Purbeck: R. Harris
We were fortunate enough to see hundreds if not thousands in the two fields we walked and you have to remember that only a short walk inland and you lose them altogether. After a couple of hours we headed back to the car, the walk uphill a lot harder in the by then brilliant sunshine.

In addition to the orchids we had exceptionally close views of a Skylark, a couple of kestrels including this smart male, a single Wheatear, and singing Blackcaps. Noticeable by their absence were the expected Willow Warblers, Whitethroats and hirundines!  A short drive back to Wareham Forest provided good views of Sand Lizard Lacerta agillis as a nice way of finishing the trip.

Kestrel, male: R. Harris

Skylark, Worth Matravers: R. Harris

Skylark, Worth Matravers: R. Harris

Skylark, Worth Matravers: R. Harris

Sand Lizard, Lacerta agillis: R. Harris

Wednesday, 5 April 2017

Wall Lizards...

It's been a couple of years since I last saw the Ventnor Wall Lizards Podarcis muralis. You really have to see them on a warm sunny day to see them at their best and today reached the dizzy high of 15 degrees with clear blue skies, so it was time to take another look.

I was surprised to see so many males, at least 9 and only a couple of females - it's always been the other way around on previous visits. They showed very well indeed, these green-backed individuals are of the race P. m. nigriventris with their ancestral roots in northern Italy.

Common Wall Lizard Podarcis muralis nigriventris, male
Common Wall Lizard Podarcis muralis nigriventris, male
Common Wall Lizard Podarcis muralis nigriventris, male
Common Wall Lizard Podarcis muralis nigriventris, male
Common Wall Lizard Podarcis muralis nigriventris, male

Also had another large female Adder Vipera berus soaking up the sun this morning.

Adder Vipera berus, female 
Common Adder Vipera berus, female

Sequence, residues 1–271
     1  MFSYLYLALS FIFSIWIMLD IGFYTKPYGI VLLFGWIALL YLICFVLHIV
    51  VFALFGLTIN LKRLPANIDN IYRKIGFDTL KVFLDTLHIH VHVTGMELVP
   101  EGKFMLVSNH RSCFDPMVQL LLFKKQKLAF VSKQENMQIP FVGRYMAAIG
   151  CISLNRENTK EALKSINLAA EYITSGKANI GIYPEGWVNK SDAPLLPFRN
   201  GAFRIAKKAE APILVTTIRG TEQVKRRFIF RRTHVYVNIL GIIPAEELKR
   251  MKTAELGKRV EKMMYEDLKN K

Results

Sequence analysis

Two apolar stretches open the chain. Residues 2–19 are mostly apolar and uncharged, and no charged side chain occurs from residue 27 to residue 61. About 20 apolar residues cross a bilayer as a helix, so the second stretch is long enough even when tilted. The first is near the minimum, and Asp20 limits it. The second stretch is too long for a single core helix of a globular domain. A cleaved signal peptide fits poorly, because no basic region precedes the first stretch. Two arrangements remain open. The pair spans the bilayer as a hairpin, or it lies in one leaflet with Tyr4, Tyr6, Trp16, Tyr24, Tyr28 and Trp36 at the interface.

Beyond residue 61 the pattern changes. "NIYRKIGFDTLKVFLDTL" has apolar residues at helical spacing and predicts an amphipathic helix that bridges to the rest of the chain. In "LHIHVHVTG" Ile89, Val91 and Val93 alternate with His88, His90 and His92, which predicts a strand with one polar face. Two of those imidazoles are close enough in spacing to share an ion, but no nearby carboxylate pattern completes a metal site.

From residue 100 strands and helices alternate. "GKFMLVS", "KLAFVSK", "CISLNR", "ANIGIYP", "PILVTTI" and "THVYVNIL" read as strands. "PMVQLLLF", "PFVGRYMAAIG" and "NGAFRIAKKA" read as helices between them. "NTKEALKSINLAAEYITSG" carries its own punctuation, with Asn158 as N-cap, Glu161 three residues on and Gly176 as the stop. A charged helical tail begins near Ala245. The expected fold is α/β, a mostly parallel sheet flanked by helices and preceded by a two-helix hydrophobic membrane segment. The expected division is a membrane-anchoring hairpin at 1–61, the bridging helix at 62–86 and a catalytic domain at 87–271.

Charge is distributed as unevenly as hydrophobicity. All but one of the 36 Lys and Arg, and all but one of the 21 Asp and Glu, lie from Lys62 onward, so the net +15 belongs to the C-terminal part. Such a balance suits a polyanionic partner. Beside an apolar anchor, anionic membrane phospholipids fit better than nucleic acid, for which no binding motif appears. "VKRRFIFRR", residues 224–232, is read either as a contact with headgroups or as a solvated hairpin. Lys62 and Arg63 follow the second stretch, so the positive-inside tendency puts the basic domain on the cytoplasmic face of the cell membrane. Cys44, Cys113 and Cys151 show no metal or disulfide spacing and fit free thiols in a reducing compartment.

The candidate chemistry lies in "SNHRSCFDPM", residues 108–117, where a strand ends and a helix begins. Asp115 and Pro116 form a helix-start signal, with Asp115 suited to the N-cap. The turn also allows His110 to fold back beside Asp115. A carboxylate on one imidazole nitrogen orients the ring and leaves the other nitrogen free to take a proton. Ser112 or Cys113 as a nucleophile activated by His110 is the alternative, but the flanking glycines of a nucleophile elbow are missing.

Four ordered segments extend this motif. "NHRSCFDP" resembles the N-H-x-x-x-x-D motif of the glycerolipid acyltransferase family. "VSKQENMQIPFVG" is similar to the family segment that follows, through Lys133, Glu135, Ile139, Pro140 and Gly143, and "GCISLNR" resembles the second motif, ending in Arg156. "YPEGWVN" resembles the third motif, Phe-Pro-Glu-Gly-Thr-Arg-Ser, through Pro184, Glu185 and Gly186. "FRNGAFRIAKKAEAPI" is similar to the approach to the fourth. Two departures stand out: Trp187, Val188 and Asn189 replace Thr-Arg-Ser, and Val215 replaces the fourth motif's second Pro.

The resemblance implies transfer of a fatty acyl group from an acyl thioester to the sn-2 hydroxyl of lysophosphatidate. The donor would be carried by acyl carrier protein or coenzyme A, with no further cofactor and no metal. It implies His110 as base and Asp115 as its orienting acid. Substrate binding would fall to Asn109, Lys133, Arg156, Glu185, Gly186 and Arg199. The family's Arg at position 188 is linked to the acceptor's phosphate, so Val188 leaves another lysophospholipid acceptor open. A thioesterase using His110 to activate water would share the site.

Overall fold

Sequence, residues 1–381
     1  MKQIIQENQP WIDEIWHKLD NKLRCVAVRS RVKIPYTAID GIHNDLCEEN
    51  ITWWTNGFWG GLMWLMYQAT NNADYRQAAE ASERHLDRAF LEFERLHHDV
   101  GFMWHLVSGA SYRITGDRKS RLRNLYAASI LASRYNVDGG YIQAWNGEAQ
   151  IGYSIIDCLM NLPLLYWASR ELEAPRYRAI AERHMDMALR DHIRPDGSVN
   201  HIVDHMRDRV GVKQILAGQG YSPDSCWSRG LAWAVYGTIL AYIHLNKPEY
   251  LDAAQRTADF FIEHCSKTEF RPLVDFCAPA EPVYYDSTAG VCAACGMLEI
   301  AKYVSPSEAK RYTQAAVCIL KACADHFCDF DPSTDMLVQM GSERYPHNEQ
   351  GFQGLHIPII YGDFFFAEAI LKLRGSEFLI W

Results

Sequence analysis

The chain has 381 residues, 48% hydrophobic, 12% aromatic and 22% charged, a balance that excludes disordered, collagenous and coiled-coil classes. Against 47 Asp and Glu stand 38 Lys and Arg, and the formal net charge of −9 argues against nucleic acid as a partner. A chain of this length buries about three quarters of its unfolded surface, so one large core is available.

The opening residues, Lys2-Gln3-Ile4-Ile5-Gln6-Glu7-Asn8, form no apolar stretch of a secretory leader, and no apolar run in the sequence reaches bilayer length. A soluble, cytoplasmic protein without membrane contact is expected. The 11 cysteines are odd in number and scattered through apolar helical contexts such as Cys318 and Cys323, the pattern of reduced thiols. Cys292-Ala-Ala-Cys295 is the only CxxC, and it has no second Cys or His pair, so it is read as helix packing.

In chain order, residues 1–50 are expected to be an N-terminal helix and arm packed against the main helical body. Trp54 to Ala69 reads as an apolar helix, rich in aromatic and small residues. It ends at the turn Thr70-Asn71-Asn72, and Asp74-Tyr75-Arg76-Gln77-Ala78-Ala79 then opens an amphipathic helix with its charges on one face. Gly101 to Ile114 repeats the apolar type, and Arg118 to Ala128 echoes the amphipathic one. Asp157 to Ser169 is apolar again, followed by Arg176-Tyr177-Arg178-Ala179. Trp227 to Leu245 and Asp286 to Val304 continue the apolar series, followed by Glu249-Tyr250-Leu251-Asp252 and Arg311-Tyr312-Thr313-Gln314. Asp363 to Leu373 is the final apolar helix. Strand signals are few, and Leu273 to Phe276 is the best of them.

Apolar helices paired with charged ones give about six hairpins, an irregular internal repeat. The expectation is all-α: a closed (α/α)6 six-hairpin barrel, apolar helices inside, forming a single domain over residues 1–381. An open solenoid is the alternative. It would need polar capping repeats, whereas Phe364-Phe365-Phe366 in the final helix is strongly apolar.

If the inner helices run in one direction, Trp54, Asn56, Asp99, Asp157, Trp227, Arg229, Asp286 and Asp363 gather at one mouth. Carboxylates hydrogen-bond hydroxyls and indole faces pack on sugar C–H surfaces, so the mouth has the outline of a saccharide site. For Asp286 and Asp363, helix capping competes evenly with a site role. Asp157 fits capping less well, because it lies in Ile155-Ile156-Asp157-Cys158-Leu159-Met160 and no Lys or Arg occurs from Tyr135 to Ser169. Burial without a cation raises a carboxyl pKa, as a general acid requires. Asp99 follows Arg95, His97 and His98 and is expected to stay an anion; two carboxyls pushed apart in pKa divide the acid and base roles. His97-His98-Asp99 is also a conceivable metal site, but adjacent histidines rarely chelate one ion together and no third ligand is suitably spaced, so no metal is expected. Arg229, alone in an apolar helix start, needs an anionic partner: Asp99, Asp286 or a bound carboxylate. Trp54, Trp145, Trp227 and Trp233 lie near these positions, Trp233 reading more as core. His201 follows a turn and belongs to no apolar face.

Common Adder Vipera berus, female 

With a couple of days of our holiday left, I wonder if there are anymore adders to be seen? I've also been running the bat detector at our holiday cottage and had four species on the wing this week: Common pipistrelle, Soprano pipistrelle, Brown long-eared and Serotine! I just love the Isle-of-Wight.

Saturday, 1 April 2017

Adders...

I've been visiting the Isle-of-Wight regularly now for many years during the Easter holiday and this year's no exception. It's like stepping back in time, in more ways than one, and we always have a relaxing time here.

It's also one of the best places I know of these days for seeing Common Adders Vipera berus. In my part of the South West they have all but vanished but here I can almost guarantee sightings in the Spring. This visit yielded the first specimen within an hour of landing on the Island. 

Common Adder Vipera berus,  nr Freshwater, I-O-W
This one is just about to slough. 

And with the Nikon P900 I can get a decent shot without disturbance, nice to walk away and leave this one sunning itself - it's important not to disturb them, particularly when they have recently emerged and are gearing up for the breeding season ahead.

2nd April: Another female today near Blackgang Chine - what a beauty! This was about as big as you normally see in the UK.

Vipera berus, female- Blackgang Chine, I-O-W

Also had a Red Kite nearby at St Catherine's Oratory, which drifted in off the sea.

Red Kite, I-O-W